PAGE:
How Does Medicare Work?
by John Claeys
There is soooooo much confusion about Medicare today. Though I have met with hundreds upon hundreds of people to help them with Medicare, I don’t believe even one of them fully understood how Medicare works before I explained it to them. Therefore, if you are among the masses of confused about Medicare, don’t feel bad. Instead, sit back and take in this overview, so you can be one of the few, the proud, . . . okay, I’m getting carried away. Let’s get to it.
Technically, Medicare has four parts to it—parts A, B, C, and D. (Who said the government can’t be creative?) However, Original Medicare only represents two parts. (Confused yet?) Let’s begin with Original Medicare, and then we will cover the final two (elective) parts.
Assuming you qualify for Medicare (a subject we will cover in another blog post), Original Medicare is what will be represented on your Medicare card with parts A and B. Part A, which has no premium (though it is NOT an entitlement; for you paid into it all those many years!), covers four areas: hospitalization, hospice, home health care, and skilled nursing. Following is how each of those areas is covered under Medicare.
If you have Original Medicare only (no supplement or Advantage Plan accompanying Medicare), and you enter the hospital, you will be charged a deductible of $1,316, which will be good for a “benefit period” of 60 days. (This deductible does not cover doctor charges, which are billed separately.) If you exit the hospital before this benefit period ends, the clock starts ticking over the next 60 days. If you go back into the hospital, within this 60-day period, for the same issue, you are still under the same deductible. If you do not, your benefit period ends, which means that the next time you enter the hospital, you will need to pay the deductible again.
If you have an extended stay in the hospital, for days 61-90, you will then be assessed a charge of $329 for each day you remain in the hospital during this period. Medicare also covers your stay beyond 90 days, but, for those days of hospitalization (days 91-150), you will be charged $658 per day. (Can you see this bill adding up?!) While Original Medicare does not cover past 150 days, a Medicare supplement will add up to 365 more days of coverage!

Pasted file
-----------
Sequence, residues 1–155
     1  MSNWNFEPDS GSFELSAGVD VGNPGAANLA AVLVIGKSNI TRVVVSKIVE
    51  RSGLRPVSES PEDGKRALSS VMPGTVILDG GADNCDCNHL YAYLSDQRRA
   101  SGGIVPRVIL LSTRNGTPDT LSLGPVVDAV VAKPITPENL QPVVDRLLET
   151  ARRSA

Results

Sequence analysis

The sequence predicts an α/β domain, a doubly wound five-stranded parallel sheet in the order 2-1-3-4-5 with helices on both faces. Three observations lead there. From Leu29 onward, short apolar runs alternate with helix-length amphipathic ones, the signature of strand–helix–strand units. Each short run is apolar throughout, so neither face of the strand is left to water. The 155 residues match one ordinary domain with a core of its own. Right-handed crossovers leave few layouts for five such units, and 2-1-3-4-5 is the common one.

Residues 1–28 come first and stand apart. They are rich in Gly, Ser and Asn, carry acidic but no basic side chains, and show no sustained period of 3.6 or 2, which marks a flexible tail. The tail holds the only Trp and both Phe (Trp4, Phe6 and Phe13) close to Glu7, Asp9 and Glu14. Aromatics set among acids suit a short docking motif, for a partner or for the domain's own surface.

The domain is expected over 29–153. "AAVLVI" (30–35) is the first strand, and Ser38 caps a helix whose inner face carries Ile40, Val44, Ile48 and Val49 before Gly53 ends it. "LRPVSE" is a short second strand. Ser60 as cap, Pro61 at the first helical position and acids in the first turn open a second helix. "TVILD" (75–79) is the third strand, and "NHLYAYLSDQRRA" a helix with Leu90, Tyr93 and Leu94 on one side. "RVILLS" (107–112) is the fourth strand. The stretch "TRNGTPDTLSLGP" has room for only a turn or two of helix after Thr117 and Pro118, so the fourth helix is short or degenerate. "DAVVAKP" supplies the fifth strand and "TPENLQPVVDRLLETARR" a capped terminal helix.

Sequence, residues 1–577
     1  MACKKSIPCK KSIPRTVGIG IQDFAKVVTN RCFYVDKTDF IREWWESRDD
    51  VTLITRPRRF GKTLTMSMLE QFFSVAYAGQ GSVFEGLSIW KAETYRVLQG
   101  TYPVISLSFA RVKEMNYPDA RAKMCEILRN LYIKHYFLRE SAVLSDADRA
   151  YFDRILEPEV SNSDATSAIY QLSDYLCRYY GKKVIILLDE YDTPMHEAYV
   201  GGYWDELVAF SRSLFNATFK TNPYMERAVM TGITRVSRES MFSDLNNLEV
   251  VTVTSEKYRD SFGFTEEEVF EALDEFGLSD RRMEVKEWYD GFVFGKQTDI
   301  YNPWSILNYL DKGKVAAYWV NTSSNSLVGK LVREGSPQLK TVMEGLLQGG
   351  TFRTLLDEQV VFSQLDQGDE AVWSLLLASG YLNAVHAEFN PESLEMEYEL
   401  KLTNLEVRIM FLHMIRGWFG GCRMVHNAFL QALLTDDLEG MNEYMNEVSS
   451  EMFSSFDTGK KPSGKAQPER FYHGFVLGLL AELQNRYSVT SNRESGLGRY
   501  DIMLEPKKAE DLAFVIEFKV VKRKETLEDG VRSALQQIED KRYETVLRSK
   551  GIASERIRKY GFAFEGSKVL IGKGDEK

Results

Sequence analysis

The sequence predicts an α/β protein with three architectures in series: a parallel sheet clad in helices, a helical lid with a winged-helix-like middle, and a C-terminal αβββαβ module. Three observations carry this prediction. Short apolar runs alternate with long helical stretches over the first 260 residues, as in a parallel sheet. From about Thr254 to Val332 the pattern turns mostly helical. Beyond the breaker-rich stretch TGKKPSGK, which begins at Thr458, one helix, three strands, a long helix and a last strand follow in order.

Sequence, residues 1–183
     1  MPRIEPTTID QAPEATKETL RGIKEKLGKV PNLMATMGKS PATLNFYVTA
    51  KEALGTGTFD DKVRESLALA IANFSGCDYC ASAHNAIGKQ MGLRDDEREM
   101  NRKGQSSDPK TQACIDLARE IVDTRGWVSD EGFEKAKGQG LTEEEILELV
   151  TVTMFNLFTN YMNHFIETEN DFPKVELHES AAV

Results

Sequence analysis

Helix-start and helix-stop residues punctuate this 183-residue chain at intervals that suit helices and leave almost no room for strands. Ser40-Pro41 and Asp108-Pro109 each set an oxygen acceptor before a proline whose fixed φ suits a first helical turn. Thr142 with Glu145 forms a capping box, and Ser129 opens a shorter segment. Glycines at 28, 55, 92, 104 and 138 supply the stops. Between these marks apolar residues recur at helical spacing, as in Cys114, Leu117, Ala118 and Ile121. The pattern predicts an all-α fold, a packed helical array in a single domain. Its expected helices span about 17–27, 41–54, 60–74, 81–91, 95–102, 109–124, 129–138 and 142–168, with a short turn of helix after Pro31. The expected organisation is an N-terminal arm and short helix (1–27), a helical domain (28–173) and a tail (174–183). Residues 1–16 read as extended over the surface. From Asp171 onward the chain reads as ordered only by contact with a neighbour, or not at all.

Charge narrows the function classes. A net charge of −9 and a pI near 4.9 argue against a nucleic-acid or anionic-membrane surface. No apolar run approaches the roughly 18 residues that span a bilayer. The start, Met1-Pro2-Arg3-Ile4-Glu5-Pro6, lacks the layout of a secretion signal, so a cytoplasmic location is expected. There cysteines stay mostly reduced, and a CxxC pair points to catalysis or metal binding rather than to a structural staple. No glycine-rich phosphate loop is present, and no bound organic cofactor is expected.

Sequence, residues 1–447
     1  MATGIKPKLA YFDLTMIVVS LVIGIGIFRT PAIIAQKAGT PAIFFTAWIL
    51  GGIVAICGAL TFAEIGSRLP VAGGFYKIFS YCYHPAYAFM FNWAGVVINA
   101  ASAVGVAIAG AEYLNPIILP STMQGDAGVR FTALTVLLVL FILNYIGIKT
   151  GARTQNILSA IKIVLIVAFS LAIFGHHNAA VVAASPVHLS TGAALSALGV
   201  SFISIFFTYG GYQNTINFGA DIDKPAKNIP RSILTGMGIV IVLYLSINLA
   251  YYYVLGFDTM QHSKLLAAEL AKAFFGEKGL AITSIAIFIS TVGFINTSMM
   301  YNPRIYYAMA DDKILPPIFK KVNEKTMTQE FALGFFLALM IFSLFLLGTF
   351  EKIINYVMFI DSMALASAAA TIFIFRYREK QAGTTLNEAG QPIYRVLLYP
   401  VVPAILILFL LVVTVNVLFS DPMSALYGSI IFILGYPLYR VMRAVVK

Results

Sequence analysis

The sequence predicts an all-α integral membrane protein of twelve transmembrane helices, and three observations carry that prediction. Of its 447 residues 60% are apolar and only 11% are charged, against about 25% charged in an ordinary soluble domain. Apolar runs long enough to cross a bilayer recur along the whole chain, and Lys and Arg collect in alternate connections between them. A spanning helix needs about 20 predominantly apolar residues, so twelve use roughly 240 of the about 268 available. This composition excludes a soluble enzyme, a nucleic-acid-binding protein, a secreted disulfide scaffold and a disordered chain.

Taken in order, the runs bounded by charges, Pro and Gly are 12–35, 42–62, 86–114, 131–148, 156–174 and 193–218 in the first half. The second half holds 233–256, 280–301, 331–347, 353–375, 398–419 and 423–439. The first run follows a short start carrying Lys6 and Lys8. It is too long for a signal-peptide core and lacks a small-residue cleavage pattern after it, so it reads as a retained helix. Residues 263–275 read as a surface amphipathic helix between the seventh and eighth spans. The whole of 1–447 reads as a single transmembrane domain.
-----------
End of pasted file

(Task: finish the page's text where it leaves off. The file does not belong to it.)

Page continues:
Hospice is covered by Medicare Part A with no cost to the qualified Medicare patient. (See the limitations and qualifications.) Qualified home health care also costs the Medicare patient nothing.
Skilled nursing care in a skilled nursing facility (see the eligibility for this coverage) is covered for an eligible Medicare patient as follows. Medicare picks up the tab on days 1-20, while days 21-100 comes with a per-day charge of $164.50. (A stay beyond 100 days constitutes long-term care, which Medicare does not cover.)
Therefore, assuming eligibility of coverage in each of these areas, a Medicare patient would be assessed the following charges:
Days 1-60: $1,316 (benefit period deductible)
Days 61-90: $329 / day
Days 91-150 $658 / day
Home Health Care: $0
Days 1-20 $0
Days 21-100 $164.50 / day
This all means that in a worst-case scenario, someone possessing Original Medicare only (with no supplemental coverage) could be out of pocket as much as $60,000!!! You can see why many people, who do not believe that risk to be worth it, get a Medicare supplement to protect themselves.
While Medicare Part A covers hospitalization, home health care, hospice, and skilled nursing care, Medicare Part B, which has a monthly premium of $121.80 for those acquiring their Part B coverage in 2016, covers doctor charges (both out-patient and doctor charges while a patient in a hospital) and outpatient medical, including labs, tests, x-rays, MRIs, CT scans, and durable medical equipment, such as walkers, wheel chairs, and oxygen. (For more on Part B coverage, see what Medicare Part B covers.) Without a supplement, a person with Medicare Part B can expect to pay an annual deductible of $166 plus 20% of the remainder of the cost of outpatient medical for the remainder of the calendar year.
While parts A and B appear on Medicare cards, parts C and D do not. Part C is an Advantage Plan, while Part D covers prescription drug plans. Parts C and D will be explained in other blog posts on this site.
So, hopefully, now you feel a little more comfortable with your understanding of Medicare Parts A and B. In other posts, I hope to better equip you on other areas of Medicare, including supplements.
June 14, 2019
March 7, 2019